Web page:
Unlocking Our E-books

A year after they decided to stop using Digital Rights Management anti-piracy protections in their e-books, fantasy and science fiction publisher Tor Books observes “no discernible increase in piracy on any of [their] titles”:

When we made the announcement there was an immediate reaction from the media. The Guardian explained how ‘Tor rips up the rulebook on digital rights management’ and the BBC featured a long article with arguments from both sides, drawing links with the music industry’s experience of the transition and highlighting that “the key difference with the music business is that the book trade can see what mistakes the record labels made and avoid them.”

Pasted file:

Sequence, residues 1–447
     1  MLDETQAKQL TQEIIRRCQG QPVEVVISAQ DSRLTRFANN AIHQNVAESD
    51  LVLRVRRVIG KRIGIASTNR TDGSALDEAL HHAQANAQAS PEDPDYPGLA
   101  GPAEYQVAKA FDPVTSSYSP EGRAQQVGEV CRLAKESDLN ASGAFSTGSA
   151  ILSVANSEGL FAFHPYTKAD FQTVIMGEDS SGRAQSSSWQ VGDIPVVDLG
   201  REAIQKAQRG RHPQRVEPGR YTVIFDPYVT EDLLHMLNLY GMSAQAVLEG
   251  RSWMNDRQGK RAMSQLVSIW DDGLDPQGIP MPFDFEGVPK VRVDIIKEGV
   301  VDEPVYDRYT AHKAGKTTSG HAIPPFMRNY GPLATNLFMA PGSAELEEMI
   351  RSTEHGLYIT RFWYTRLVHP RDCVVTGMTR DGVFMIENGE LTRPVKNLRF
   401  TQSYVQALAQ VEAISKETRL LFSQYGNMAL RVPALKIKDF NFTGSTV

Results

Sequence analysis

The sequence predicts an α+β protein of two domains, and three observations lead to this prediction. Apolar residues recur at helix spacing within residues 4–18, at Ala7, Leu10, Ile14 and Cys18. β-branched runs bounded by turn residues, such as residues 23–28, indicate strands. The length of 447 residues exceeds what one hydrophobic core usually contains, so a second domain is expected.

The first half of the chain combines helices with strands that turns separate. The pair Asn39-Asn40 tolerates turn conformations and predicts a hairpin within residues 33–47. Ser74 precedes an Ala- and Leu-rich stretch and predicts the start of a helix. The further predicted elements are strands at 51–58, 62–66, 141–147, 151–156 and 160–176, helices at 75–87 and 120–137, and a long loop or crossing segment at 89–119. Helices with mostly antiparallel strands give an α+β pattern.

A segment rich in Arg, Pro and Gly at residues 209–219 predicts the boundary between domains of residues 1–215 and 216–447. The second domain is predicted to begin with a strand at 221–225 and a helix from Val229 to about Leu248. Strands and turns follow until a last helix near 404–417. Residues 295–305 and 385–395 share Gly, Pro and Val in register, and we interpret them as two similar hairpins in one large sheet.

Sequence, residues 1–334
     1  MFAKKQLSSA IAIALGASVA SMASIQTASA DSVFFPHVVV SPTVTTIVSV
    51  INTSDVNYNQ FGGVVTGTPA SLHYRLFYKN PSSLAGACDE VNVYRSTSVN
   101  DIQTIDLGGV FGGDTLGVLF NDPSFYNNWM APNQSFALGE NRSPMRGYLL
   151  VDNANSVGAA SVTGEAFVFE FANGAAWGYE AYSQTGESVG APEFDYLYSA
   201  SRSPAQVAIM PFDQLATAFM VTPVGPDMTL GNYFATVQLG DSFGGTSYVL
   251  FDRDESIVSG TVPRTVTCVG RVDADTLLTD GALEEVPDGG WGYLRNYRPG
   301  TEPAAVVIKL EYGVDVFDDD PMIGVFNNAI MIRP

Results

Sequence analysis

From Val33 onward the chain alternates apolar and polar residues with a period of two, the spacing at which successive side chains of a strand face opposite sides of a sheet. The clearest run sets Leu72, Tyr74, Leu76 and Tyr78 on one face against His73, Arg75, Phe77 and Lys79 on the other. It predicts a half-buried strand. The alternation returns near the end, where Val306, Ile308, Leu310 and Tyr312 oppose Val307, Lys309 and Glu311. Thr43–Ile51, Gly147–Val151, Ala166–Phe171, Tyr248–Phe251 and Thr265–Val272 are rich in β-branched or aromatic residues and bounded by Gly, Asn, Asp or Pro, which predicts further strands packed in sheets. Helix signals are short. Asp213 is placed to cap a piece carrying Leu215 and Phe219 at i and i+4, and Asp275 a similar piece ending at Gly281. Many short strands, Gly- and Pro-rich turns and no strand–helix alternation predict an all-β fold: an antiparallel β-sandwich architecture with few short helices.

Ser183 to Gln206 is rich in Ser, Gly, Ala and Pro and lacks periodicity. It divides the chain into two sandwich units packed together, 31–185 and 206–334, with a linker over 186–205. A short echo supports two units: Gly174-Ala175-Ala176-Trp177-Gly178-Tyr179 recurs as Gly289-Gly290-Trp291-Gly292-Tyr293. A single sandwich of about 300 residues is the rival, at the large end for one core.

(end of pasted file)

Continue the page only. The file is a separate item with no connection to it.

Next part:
But the most heartening reaction for us was from the readers and authors who were thrilled that we’d listened and actually done something about a key issue that was so close to their hearts.

Mike Masnick wonders which publisher will be next:

I’m still amazed that any publisher thinks that DRM is a good idea. Now Tor’s provided more evidence that removing it doesn’t increase infringement rates. So, in one single move, publishers can provide significantly more value and convenience for ebook buyers, and take some of the power away from Amazon without any risk of greater infringement. It’s astounding that publishers aren’t pushing each other aside to make a similar move.